Can you float through the air when you smell a delicious pie?

Spider-Man: Into the Spider-Verse (2018)
(SPOILERS) Ironically, given the source material, think I probably fell into the category of many who weren't overly disposed to give this big screen Spider-Man a go on the grounds that it was an animation. After all, if it wasn’t "good enough" for live-action, why should I give it my time? Not even Phil Lord and Christopher Miller's pedigree wholly persuaded me; they'd had their stumble of late, although admittedly in that live-action arena. As such, it was only the near-unanimous critics' approval that swayed me, suggesting I'd have been missing out. They – not always the most reliable arbiters of such populist fare, which made the vote of confidence all the more notable – were right. Spider-Man: Into the Spider-Verse is not only a first-rate Spider-Man movie, it's a fresh, playful and (perhaps) surprisingly heartfelt origins story.

My name is Dr. King Schultz, this is my valet, Django, and these are our horses, Fritz, and Tony.

Django Unchained (2012)
(MINOR SPOILERS) Since the painful misstep of Grindhouse/Death Proof, Quentin Tarantino has regained the higher ground like never before. Pulp Fiction, his previous commercial and critical peak, has been at very least equalled by the back-to-back hits of Inglourious Basterds and Django Unchained. Having been underwhelmed by his post Pulp Fiction efforts (albeit, I admired his technical advances as a director in Kill Bill), I was pleasantly surprised by Inglourious Basterds. It was no work of genius (so not Pulp Fiction) by any means, but there was a gleeful irreverence in its treatment of history and even to the nominal heroic status of its titular protagonists. Tonally, it was a good fit for the director’s “cool” aesthetic. As a purveyor of postmodern pastiche, where the surface level is the subtext, in some ways he was operating at his zenith. Django Unchained is a retreat from that position, the director caught in the tug between his all-important aesthetic pr…

Only an idiot sees the simple beauty of life.

Forrest Gump (1994)
(SPOILERS) There was a time when I’d have made a case for, if not greatness, then Forrest Gump’s unjust dismissal from conversations regarding its merits. To an extent, I still would. Just not nearly so fervently. There’s simply too much going on in the picture to conclude that the manner in which it has generally been received is the end of the story. Tarantino, magnanimous in the face of Oscar defeat, wasn’t entirely wrong when he suggested to Robert Zemeckis that his was a, effectively, subversive movie. Its problem, however, is that it wants to have its cake and eat it.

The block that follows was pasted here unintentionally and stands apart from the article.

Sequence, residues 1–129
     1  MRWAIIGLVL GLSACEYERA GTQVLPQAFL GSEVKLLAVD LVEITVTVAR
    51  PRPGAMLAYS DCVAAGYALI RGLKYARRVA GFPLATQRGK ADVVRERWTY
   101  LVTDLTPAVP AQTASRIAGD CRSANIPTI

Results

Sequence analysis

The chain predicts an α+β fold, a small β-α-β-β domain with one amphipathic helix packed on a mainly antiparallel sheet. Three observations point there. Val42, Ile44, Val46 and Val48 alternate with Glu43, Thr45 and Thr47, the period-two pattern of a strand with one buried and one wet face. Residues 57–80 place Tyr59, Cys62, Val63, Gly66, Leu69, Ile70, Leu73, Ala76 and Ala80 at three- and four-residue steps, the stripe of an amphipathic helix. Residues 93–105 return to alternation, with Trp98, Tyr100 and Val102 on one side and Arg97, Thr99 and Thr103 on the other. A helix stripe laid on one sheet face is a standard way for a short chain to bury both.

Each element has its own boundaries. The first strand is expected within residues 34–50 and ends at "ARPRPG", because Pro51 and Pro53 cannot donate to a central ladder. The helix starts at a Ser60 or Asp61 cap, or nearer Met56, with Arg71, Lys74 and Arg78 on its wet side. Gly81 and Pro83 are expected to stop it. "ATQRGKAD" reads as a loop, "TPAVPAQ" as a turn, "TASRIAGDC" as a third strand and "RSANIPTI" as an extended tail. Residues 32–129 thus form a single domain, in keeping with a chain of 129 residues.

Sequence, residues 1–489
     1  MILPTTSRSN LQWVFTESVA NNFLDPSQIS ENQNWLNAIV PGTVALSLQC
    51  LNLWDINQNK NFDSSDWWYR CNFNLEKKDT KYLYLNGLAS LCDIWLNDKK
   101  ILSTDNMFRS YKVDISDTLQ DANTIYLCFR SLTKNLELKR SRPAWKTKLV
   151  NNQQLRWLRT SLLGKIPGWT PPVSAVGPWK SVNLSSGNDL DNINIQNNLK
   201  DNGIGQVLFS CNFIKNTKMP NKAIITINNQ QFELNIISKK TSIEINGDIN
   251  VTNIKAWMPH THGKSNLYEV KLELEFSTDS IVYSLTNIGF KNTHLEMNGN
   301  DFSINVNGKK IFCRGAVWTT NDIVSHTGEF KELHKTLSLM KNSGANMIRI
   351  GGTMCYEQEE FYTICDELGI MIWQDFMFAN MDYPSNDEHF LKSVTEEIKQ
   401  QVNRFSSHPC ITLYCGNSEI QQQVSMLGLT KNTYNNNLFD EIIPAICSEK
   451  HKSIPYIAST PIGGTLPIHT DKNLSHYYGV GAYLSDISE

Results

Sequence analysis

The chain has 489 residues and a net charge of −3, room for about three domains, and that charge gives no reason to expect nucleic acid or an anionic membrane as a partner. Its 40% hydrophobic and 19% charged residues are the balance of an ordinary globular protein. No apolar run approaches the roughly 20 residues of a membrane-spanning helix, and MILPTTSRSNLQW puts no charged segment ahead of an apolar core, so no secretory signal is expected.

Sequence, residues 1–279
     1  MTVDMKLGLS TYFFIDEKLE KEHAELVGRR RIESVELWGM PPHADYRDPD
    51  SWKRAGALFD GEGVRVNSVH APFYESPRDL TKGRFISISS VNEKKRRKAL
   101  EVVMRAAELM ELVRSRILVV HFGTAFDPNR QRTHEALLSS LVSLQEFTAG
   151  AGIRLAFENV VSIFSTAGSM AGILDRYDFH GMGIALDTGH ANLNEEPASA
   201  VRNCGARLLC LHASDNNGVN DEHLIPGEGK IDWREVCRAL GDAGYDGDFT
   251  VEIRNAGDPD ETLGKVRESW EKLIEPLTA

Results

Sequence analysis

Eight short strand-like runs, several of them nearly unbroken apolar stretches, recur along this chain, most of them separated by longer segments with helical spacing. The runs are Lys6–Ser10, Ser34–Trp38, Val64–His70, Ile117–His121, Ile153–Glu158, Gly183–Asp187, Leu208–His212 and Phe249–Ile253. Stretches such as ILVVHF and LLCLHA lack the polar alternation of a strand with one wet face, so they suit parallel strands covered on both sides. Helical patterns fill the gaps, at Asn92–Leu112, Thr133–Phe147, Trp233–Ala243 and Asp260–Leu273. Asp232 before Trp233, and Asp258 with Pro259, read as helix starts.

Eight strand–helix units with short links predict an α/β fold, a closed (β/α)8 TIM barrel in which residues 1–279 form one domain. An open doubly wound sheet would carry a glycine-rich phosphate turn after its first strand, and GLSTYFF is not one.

Rejoice! The broken are the more evolved. Rejoice.

Split (2016)
(SPOILERS) M Night Shyamalan went from the toast of twist-based filmmaking to a one-trick pony to the object of abject ridicule in the space of only a couple of pictures: quite a feat. Along the way, I’ve managed to miss several of his pictures, including his last, The Visit, regarded as something of a re-locating of his footing in the low budget horror arena. Split continues that genre readjustment, another Blumhouse production, one that also manages to bridge the gap with the fare that made him famous. But it’s a thematically uneasy film, marrying shlock and serious subject matter in ways that don’t always quite gel.

Shyamalan has seized on a horror staple – nubile teenage girls in peril, prey to a psychotic antagonist – and, no doubt with the best intentions, attempted to warp it. But, in so doing, he has dragged in themes and threads from other, more meritable fare, with the consequence that, in the end, the conflicting positions rather subvert his attempts at subversion…

Basically, you’re saying marriage is just a way of getting out of an embarrassing pause in conversation?

Four Weddings and a Funeral (1994)
(SPOILERS) There can be a cumulative effect from revisiting a movie where one glaring element does not fit, however well-judged or integrated everything else is; the error is only magnified, and seems even more of a miscalculation. With Groundhog Day, there’s a workaround to the romance not working, which is that the central conceit of reliving your day works like a charm and the love story is ultimately inessential to the picture’s success. In the case of Four Weddings and a Funeral, if the romance doesn’t work… Well, you’ve still got three other weddings, and you’ve got a funeral. But our hero’s entire purpose is to find that perfect match, and what he winds up with is Andie McDowell. One can’t help thinking he’d have been better off with Duck Face (Anna Chancellor).

Stupid adult hands!

Shazam! (2019)
(SPOILERS) Shazam! is exactly the kind of movie I hoped it would be, funny, scary (for kids, at least), smart and delightfully dumb… until the final act. What takes place there isn’t a complete bummer, but right now, it does pretty much kill any interest I have in a sequel.

Do not mention the Tiptoe Man ever again.

Glass (2019)
(SPOILERS) If nothing else, one has to admire M Night Shyamalan’s willingness to plough ahead regardless with his straight-faced storytelling, taking him into areas that encourage outright rejection or merciless ridicule, with all the concomitant charges of hubris. Reactions to Glass have been mixed at best, but mostly more characteristic of the period he plummeted from his must-see, twist-master pedestal (during the period of The Village and The Happening), which is to say quite scornful. And yet, this is very clearly the story he wanted to tell, so if he undercuts audience expectations and leaves them dissatisfied, it’s most definitely not a result of miscalculation on his part. For my part, while I’d been prepared for a disappointment on the basis of the critical response, I came away very much enjoying the movie, by and large.